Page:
EMC cancels $3 billion deal with IBM

EMC has canceled its commitment to buy $3 billion worth of disk drives over five years from IBM, as part of a settlement between the two companies.

In March 1999, the companies reached a $3-billion deal whereby EMC would continue to buy IBM disk drives to use in EMC Symmetrix products. The deal also included patent cross-licensing between the companies.

However, the deal fell through as part of last week's patent infringement settlement (see yesterday's story). IBM and EMC, in a joint statement, said all claims and counterclaims pertaining to a patent dispute were dismissed. Both parties extended their patent cross-licensing agreement and pledged to follow a five-year moratorium on patent infringement lawsuits.

The disk-drive agreement has been replaced by a standard contract without a specific monetary value, said Mark Fredrickson, an EMC spokesman. The original deal became obsolete because of IBM's difficulty meeting quality requirements and deadlines for its high-end disk drives, Fredrickson said. As a result, the financial target became "unrealistic," he added.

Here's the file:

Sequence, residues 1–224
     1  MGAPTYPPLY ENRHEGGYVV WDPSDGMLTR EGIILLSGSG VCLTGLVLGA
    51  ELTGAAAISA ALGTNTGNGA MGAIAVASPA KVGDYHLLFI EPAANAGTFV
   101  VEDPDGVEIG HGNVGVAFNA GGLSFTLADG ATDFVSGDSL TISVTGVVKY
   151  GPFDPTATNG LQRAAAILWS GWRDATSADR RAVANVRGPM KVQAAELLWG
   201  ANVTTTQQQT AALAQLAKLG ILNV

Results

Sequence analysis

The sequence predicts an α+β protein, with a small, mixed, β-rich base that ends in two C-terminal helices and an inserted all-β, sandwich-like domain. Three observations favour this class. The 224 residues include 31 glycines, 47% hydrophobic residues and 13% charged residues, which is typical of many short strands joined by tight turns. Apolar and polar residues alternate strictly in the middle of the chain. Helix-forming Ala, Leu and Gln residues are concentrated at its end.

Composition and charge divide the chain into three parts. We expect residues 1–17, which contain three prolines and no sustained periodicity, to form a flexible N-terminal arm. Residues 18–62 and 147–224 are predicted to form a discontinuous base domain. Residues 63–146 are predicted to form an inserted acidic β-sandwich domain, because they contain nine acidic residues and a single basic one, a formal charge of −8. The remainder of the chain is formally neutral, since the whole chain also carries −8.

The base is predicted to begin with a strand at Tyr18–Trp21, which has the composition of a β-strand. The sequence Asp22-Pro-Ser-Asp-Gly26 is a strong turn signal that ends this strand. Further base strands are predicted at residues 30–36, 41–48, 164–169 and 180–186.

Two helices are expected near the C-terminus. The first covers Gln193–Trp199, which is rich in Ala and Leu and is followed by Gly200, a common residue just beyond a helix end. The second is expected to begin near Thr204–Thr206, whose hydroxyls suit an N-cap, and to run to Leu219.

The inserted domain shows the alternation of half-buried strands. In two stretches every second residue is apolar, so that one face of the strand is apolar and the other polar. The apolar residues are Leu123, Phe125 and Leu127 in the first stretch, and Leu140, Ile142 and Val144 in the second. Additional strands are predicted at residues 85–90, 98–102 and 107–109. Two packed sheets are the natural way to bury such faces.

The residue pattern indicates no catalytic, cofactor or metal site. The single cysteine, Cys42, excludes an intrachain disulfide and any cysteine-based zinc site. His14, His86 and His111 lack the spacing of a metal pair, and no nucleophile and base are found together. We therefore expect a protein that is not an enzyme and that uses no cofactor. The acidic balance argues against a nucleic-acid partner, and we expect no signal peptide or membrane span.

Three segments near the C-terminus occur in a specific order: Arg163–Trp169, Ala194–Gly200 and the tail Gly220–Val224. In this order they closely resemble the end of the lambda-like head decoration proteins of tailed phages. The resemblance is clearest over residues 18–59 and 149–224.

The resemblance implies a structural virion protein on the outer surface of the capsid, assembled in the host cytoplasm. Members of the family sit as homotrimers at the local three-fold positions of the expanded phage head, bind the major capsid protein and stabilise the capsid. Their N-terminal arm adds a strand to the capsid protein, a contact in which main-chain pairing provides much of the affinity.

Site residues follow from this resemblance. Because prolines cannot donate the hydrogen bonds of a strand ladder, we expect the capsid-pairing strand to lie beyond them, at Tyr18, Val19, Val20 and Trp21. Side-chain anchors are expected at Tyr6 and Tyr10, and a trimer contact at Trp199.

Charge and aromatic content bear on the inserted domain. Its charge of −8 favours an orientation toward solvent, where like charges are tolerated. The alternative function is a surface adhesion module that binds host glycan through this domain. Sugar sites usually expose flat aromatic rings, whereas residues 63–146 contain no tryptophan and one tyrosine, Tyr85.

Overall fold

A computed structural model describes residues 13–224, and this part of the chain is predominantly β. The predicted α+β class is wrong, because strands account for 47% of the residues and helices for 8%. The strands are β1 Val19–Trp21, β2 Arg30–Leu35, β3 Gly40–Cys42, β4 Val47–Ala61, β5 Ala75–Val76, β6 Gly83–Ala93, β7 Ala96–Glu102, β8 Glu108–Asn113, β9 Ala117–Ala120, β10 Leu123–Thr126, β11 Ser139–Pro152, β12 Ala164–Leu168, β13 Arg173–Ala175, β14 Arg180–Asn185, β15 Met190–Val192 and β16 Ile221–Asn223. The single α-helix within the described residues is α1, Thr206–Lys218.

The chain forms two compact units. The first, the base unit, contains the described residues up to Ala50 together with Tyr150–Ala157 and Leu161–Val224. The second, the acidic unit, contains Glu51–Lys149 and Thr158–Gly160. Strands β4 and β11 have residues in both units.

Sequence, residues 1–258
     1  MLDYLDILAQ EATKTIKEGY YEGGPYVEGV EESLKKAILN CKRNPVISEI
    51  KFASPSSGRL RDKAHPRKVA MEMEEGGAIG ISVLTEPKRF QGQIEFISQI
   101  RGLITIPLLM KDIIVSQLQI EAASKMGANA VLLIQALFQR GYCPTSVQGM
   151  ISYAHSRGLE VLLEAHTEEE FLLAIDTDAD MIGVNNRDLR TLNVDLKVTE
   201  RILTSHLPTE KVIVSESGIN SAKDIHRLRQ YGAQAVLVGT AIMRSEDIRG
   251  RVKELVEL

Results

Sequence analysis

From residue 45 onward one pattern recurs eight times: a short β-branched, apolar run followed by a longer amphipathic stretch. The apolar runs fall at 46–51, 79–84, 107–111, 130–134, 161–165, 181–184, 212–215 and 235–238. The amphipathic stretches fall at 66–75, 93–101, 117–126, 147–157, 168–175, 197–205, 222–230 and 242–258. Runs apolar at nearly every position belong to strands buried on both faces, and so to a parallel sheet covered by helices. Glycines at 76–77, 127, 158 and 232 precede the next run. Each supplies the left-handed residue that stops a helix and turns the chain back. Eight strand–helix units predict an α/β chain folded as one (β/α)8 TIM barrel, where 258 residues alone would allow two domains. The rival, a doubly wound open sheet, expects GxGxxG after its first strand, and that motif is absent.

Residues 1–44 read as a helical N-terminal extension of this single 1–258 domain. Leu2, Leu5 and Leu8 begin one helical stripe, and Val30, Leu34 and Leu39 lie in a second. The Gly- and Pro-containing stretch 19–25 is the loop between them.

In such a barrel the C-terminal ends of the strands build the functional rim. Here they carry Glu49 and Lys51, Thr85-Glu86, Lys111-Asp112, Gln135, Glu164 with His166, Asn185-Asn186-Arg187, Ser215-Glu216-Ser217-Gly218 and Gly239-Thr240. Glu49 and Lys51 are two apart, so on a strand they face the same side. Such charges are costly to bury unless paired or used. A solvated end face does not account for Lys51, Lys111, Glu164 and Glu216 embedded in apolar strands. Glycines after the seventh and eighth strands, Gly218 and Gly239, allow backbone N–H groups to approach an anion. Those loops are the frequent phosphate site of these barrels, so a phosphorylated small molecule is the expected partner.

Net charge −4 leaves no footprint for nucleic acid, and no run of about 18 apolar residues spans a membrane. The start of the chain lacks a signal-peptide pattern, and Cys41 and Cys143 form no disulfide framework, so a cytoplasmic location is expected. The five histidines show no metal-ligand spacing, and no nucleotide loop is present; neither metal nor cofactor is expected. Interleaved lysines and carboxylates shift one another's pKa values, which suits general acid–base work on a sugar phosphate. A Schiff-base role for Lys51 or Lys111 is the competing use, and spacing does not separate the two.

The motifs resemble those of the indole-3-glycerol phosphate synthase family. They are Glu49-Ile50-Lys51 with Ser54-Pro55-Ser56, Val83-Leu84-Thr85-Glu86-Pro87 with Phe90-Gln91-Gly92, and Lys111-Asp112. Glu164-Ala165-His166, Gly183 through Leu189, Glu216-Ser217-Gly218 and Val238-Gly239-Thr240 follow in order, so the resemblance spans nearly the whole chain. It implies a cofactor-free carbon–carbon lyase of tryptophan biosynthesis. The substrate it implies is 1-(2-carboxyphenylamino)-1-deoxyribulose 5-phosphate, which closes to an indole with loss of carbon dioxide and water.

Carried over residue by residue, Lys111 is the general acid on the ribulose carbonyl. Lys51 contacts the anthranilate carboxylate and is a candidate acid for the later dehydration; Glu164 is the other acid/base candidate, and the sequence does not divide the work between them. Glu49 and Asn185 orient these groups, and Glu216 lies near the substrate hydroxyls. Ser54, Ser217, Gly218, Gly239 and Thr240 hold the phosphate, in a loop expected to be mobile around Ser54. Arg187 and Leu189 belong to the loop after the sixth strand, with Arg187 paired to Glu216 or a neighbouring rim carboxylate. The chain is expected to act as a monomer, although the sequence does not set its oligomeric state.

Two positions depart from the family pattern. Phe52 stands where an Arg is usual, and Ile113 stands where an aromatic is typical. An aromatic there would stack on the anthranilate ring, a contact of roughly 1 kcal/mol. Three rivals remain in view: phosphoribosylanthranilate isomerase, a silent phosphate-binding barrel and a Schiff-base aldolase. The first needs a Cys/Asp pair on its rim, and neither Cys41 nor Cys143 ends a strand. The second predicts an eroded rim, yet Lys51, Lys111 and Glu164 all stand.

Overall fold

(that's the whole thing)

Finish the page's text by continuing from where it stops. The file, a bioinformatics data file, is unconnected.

IBM spokeswoman Carol Makovich confirmed there had been some delays in delivery but said they were being addressed. She added that the $3-billion figure was a value that EMC estimated, and the monetary value of any future deals will be decided by EMC.

EMC Symmetrix 8000, the company's new enterprise storage system, now features Seagate Technology's disk drives.

Steve Duplessie, an analyst at the Enterprise Storage Group, said Seagate looks well poised to capture some disk-drive business as IBM overcomes delays. "This market doesn't forgive you much if you're late," Duplessie said.

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